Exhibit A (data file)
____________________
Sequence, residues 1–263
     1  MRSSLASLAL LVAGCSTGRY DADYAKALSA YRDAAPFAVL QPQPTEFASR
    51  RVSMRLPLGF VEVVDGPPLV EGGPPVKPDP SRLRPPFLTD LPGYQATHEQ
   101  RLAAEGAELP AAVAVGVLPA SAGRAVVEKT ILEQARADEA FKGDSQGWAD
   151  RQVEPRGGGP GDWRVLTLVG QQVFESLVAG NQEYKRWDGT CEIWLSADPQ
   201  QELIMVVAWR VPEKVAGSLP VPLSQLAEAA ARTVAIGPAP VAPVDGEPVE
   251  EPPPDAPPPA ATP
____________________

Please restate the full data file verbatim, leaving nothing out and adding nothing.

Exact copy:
Sequence, residues 1–263
     1  MRSSLASLAL LVAGCSTGRY DADYAKALSA YRDAAPFAVL QPQPTEFASR
    51  RVSMRLPLGF VEVVDGPPLV EGGPPVKPDP SRLRPPFLTD LPGYQATHEQ
   101  RLAAEGAELP AAVAVGVLPA SAGRAVVEKT ILEQARADEA FKGDSQGWAD
   151  RQVEPRGGGP GDWRVLTLVG QQVFESLVAG NQEYKRWDGT CEIWLSADPQ
   201  QELIMVVAWR VPEKVAGSLP VPLSQLAEAA ARTVAIGPAP VAPVDGEPVE
   251  EPPPDAPPPA ATP